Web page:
sexta-feira, 21 de maio de 2010

JEITINHO BRASILEIRO


"Don't worry… about a thing, 'Cause every little thing is gonna be all right…"
This is what is said in Bob Marley's song and it fits exactly in with the Brazilian way of solving some "difficult" problems and tasks.
This creative and happy people finds a way for everything, from solving small problems at school to finding a way to make money without a job.
It's very clear that society imposes rules and mechanisms, but whenever a problem comes up, there is always a way of solving it.
Well, but what is this "jeitinho brasileiro"? According to a study, no translation was found to the word "jeito"in any other language. So, it is really a Brazilian habit. (Of course this word comes from Portuguese, but I don't believe it is used with the same meaning in Portugal.)
There is an expression in English, which is "fix it!", that could have a similar, but not identical, meaning to "jeitinho".
As an example: A cameraperson has some problems with his camera and comes to the director, trying to explain that he can't record the programme because of it. The director does not accept it, and says: "fix it!", which means, do what you are supposed to do.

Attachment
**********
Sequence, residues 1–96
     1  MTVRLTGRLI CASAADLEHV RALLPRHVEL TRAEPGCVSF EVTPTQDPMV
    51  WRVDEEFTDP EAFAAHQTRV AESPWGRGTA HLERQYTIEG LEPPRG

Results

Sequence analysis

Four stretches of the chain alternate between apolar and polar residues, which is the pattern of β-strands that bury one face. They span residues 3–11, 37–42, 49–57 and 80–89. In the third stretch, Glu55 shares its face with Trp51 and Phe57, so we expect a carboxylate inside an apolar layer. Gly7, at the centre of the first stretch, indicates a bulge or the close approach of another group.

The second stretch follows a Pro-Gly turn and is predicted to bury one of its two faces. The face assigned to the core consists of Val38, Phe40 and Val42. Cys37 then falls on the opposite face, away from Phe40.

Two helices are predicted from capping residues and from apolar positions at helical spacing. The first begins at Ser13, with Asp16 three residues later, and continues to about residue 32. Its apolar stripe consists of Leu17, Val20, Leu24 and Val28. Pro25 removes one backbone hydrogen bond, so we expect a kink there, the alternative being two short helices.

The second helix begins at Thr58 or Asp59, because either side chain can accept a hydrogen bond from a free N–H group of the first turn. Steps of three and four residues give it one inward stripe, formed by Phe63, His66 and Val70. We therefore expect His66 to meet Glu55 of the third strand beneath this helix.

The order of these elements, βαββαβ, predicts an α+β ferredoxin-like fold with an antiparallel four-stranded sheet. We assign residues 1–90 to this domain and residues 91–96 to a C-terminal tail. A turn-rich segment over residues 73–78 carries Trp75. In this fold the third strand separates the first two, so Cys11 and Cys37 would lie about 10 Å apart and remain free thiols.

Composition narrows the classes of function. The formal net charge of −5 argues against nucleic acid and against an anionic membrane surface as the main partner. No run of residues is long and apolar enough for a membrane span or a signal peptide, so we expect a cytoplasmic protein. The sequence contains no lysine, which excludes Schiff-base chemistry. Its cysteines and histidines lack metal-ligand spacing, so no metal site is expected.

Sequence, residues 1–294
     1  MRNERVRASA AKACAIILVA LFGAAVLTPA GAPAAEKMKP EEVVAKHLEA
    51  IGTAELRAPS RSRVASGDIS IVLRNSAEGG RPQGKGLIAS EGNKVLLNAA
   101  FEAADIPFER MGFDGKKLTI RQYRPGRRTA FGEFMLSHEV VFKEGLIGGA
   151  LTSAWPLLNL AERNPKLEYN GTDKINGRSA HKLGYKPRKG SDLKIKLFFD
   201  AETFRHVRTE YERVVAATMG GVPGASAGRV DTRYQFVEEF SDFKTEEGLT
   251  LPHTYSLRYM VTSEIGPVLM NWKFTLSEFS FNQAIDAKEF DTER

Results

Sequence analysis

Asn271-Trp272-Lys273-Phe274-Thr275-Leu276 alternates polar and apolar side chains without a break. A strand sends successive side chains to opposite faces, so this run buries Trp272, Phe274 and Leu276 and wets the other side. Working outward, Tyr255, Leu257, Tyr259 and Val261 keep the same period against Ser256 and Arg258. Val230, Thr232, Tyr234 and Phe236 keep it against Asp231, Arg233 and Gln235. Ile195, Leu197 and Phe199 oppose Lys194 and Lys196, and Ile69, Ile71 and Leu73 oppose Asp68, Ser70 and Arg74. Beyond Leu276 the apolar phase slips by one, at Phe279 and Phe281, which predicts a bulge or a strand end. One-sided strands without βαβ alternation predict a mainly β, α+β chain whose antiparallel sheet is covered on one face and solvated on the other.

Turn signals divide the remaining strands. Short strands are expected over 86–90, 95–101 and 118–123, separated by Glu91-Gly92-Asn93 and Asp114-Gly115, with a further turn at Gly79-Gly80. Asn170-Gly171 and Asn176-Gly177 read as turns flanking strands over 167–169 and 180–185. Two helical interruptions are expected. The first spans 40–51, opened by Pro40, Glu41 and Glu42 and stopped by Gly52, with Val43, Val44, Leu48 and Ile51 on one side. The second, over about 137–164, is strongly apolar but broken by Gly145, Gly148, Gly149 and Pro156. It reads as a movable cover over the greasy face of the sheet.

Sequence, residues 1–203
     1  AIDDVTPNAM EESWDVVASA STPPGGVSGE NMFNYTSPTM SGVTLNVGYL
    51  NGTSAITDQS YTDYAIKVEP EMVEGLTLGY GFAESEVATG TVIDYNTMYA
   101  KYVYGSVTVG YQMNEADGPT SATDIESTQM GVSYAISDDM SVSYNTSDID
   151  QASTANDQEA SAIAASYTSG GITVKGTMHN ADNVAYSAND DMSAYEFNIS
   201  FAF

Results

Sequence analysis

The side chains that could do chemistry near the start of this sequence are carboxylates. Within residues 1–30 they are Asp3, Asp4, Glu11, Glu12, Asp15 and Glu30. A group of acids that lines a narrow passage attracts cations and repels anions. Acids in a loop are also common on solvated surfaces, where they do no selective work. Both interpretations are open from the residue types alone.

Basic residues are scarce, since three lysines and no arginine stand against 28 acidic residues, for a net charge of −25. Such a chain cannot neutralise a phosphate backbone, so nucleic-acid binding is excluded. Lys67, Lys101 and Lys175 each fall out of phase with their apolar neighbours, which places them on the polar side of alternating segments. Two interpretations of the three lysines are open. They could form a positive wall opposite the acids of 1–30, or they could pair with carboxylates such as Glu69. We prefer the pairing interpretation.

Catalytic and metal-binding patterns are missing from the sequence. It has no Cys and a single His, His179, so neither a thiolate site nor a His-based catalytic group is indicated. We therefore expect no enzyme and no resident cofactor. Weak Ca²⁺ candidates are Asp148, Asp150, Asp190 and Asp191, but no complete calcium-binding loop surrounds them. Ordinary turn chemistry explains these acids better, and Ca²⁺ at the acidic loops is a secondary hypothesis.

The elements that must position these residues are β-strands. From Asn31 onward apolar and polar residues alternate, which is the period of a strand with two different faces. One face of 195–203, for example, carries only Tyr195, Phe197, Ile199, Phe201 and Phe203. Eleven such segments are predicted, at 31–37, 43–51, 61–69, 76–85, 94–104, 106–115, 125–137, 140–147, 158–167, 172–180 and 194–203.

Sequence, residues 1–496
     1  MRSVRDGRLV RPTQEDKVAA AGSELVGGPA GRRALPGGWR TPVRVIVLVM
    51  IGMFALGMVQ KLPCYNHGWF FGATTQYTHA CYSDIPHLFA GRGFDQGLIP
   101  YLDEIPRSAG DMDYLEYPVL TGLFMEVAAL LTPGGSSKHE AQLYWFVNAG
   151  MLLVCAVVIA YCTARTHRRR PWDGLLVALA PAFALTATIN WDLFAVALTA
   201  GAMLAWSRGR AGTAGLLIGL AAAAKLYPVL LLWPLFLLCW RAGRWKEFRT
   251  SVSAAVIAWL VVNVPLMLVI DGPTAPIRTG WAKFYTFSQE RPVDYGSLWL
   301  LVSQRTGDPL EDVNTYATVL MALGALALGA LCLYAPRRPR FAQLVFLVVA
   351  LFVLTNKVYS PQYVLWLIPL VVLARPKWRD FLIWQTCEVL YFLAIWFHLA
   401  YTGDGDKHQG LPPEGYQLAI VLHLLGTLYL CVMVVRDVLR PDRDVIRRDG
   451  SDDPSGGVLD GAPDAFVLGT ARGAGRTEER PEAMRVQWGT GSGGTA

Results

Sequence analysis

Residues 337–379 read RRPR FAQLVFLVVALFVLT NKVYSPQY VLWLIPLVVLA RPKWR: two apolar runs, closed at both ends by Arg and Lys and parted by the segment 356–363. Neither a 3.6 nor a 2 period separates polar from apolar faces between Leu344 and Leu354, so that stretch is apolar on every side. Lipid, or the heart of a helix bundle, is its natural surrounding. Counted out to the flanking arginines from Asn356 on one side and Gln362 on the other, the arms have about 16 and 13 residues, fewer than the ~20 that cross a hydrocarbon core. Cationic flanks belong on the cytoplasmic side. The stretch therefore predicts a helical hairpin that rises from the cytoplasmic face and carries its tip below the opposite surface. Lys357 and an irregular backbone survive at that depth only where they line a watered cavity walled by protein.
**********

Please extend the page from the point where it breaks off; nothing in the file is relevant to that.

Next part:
It is similar, but not identical, because the cameraman has to find a way to do what he is supposed to do, but without breaking any rules. Jeitinho brasileiro, actually, is doing things which are not in the rules matters.
Here at school there is this policy which says that the student can be late for only ten minutes and not one minute more. But what happens when the student is sympathetic, talkative, and blah, blah, blah? Of course the receptionist will let him in, not mentioning the teacher saying that he missed only the first part of the class. But isn't the first part of the class as important as the other parts?
And the case of informal jobs, like selling soft drinks and beer on the buses, which happens in poor cities like Salvador? Isn't it a "jeitinho brasileiro" of solving the unemployment problem?
Sometimes I think that rules are good for nothing, once you can break them.
But think: Are all the rules sensible enough for everybody to follow?
Have you ever used "jeitinho brasileiro"?
Are society rules based on constitutional rules or it is the contrary?
Do you agree with the passage? If not, support your answer.
Discuss which rules can be broken because they do not fit the modern way of life.

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